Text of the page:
A team of scientists at King Abdullah University of Science and Technology (KAUST) have developed a technique to make a disposable device that can measure glucose levels with saliva, providing a bloodless solution to traditional glucose monitoring. The technique allows for biologically active enzymes to survive inkjet printing and produces sensors that are sensitive to small glucose concentrations in saliva. The results of their research were recently published in Nature.
“Paper is porous, which makes it challenging to print conducting and biological inks that are dissolved in water,” said Eloise Bihar, a postdoctoral researcher at KAUST and the lead author of the study. “Printing the enzyme is tricky as well—it’s sensitive to variations of temperature, the voltage applied at the cartridge, and the pH of the ink.”
From the KAUST article "Utilizing a commercial ink made from conducting polymers, the team printed microscale electrode patterns onto glossy paper sheets. Next, they printed a sensing layer containing an enzyme, glucose oxidase, on top of the tiny electrodes. The biochemical reaction between available glucose and the enzyme creates electrical signals easily correlated to blood sugar levels.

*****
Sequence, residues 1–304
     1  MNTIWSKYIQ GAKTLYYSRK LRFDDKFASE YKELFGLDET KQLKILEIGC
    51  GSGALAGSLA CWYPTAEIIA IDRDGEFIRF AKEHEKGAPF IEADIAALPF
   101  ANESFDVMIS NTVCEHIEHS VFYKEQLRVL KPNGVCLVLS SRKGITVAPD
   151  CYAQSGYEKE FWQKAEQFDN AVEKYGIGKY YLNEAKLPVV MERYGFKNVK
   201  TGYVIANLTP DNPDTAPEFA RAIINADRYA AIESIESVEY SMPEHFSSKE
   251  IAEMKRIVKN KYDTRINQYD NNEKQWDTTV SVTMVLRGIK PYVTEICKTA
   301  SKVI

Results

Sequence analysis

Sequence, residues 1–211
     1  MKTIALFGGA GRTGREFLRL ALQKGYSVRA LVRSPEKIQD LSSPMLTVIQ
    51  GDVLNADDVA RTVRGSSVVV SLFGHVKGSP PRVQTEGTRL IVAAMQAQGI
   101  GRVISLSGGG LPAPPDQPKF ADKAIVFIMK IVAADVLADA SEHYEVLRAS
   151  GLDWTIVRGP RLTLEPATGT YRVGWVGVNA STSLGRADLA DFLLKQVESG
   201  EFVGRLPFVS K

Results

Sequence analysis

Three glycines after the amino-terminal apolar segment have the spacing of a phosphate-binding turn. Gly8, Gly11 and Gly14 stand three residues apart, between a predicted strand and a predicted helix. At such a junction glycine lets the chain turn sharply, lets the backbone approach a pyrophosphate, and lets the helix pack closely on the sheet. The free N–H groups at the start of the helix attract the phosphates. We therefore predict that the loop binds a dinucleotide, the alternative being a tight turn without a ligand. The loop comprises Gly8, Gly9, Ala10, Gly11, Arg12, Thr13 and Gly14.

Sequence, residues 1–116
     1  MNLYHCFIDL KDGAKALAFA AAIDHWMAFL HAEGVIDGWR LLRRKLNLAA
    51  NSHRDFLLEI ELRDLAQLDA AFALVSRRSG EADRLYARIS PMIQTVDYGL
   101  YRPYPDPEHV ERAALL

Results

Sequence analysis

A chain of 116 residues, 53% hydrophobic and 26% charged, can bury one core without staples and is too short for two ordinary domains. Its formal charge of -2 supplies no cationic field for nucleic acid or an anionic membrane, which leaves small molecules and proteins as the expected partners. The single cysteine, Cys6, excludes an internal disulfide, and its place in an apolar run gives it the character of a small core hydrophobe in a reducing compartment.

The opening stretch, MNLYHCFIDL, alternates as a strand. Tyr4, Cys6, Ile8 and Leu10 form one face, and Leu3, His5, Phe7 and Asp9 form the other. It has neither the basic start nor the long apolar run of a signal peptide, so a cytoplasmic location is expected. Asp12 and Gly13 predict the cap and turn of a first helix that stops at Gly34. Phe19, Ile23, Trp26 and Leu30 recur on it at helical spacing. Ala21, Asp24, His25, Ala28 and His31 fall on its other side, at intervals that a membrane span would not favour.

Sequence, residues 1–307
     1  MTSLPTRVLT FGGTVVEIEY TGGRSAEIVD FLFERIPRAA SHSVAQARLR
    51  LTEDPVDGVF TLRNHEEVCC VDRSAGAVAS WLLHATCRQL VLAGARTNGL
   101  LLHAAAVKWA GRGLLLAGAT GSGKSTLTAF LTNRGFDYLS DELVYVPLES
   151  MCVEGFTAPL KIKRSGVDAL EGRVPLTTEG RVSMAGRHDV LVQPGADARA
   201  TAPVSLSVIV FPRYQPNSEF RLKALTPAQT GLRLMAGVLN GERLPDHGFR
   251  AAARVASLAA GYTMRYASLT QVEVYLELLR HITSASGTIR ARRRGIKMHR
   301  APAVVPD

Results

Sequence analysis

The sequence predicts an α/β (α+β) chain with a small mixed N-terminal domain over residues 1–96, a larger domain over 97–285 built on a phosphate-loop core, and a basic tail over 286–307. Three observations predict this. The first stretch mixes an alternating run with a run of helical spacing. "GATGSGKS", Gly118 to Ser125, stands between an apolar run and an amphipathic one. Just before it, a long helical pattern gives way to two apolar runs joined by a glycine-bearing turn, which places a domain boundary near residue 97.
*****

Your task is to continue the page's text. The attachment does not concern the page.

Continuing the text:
After optimizing the enzyme-printing conditions, the researchers had another obstacle to tackle. While fluids, such as sweat or saliva, contain enough sugar for monitoring purposes, they also contain molecules, such as ascorbic acid, that interfere electrically with conducting polymers. Coating the sensor with a nafion polymer membrane that repels the negative charges present in most interfering species enabled measurement of only the relevant glucose levels in saliva samples from volunteers.
Experiments showed the top coating gave the sensor an unprecedented shelf life—the enzyme could be kept alive and active for a month if stored in a sealed bag. These results are encouraging the team to expand the capabilities of this approach by incorporating different enzymes into the sensing layer."
Read more about bloodless glucose monitoring using printed paper at KAUST.